NHS England will invest in artificial intelligence (AI) over the next 12 months, NHS England Chief Executive Simon Stevens told delegates at the Health and Care Innovation Expo in Manchester.
Backing Sir John Bell’s recommendations from the Life Sciences Industrial strategy, Stevens said the NHS needs to ‘get smarter’ in their use of AI and machine learning to improve quality of care:
“John Bell’s report identified the faster application of AI in the NHS as one of the four big winds that we could potentially support and without doubt we will see as we make the case for public investment and NHS investment in this area, this will be one where NHS England will be backing that with our investment over the course of the next 12 months.”
NHS England's National Medical Director, Professor Bruce Keogh, who is stepping down at the end of the year to become the Chair of Birmingham Women’s and Children’s NHS Foundation Trust, also put a big focus on AI in his keynote speech at the conference.
NHS a ‘hotbed of innovation’
Stevens talked about four areas where the NHS will be putting their ‘shoulders to the wheel’, confirming that NHS England will start working with NHS Digital and other stakeholders to identify three to five digital innovation hubs across the country that will start using datasets, as proposed in the Life Sciences Industrial strategy, published this August.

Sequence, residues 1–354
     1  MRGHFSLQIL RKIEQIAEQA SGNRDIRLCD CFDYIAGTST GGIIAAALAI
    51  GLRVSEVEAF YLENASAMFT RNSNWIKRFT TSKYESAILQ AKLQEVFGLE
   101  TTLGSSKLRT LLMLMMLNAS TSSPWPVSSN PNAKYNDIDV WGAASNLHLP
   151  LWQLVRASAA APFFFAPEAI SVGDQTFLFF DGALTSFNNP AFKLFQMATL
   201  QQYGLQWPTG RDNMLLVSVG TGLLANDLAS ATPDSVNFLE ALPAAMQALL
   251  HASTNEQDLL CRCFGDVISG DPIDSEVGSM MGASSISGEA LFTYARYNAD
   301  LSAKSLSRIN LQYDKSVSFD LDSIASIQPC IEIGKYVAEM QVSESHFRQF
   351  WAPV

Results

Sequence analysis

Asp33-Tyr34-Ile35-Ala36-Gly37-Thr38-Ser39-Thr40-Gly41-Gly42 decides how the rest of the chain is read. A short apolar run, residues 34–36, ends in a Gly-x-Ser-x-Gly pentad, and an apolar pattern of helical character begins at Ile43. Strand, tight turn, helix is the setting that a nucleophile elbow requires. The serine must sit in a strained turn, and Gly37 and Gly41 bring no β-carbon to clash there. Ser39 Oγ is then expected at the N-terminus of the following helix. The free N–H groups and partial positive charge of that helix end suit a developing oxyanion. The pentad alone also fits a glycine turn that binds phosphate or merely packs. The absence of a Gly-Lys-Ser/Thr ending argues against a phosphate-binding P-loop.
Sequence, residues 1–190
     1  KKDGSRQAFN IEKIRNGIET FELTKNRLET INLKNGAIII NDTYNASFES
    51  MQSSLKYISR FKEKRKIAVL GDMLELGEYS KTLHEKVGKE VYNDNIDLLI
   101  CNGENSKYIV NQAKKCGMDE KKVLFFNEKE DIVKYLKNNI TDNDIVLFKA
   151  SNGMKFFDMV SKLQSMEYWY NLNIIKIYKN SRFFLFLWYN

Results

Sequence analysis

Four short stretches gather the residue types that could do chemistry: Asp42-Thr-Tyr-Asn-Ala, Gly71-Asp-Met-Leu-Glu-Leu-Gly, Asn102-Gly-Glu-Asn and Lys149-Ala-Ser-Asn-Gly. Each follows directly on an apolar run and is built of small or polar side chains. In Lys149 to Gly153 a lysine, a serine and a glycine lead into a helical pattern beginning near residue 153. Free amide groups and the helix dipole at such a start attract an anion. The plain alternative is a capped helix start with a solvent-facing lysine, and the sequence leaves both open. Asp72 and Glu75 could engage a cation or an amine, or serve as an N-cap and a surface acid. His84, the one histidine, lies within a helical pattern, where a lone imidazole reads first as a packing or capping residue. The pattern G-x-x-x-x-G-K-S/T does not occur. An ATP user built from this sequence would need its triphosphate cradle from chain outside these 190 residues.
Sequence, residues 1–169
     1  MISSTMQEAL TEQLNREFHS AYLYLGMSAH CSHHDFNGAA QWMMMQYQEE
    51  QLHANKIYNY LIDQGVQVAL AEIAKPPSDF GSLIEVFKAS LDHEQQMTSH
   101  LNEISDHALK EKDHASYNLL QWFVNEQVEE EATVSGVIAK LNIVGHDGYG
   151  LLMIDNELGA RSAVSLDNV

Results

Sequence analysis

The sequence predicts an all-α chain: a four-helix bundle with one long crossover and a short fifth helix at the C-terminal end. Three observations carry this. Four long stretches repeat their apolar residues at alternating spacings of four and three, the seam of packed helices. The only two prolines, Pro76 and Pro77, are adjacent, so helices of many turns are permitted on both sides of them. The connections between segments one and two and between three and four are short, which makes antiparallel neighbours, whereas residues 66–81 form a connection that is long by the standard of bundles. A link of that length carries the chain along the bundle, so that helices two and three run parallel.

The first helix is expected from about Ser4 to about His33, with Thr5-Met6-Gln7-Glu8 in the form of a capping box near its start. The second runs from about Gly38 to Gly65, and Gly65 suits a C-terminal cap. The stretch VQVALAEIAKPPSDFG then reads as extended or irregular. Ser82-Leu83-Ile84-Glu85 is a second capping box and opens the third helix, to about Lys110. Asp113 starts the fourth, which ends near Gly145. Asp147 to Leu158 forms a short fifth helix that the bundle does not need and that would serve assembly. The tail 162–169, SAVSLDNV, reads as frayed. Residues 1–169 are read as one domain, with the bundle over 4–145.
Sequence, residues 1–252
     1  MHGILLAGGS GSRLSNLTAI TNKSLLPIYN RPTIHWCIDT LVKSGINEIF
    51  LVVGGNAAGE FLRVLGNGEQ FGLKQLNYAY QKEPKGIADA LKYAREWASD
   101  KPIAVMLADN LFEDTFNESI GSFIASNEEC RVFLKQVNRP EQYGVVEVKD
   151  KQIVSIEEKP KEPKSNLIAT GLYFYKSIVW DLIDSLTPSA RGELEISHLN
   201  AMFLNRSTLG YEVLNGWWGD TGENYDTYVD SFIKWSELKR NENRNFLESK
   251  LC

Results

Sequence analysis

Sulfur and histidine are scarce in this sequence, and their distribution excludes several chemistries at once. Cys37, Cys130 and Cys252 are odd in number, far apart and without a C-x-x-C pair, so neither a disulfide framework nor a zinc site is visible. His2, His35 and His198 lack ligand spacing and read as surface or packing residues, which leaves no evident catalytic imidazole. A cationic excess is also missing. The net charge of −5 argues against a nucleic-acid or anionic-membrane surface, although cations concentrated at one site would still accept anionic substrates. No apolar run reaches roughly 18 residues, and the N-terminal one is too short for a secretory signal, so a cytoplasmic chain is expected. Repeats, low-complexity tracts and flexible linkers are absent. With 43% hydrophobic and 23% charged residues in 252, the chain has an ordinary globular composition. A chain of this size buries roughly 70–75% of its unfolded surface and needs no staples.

“So today, NHS England is explicitly nailing its colours to the mast in backing those recommendations from John Bell’s report and we will by the end of the calendar year set out the process we will be using with our partners at NHS Digital and elsewhere to identify the three to five locations across the country that will go live with those digital innovation hubs.”
Further announcements included an extended period of two years of funding for test beds announced in 2016.
Health Secretary Jeremy Hunt, speaking at the same conference, announced that 18 NHS trusts will become fast followers to Global Digital Exemplars (GDEs), each receiving up to £5m in funding that will have to be matched. Seven mental health trusts will also take part in the scheme, buddying up with mental health GDEs, with funding worth up to £21m that will also have to be locally matched.
Stevens added: “I defy anyone who says the NHS is stuck in the mud or slow in its ways, actually, the NHS is a hotbed of innovation, but clearly as we think out over the next three, five years, we need to go further, faster, and accelerate what that looks like.”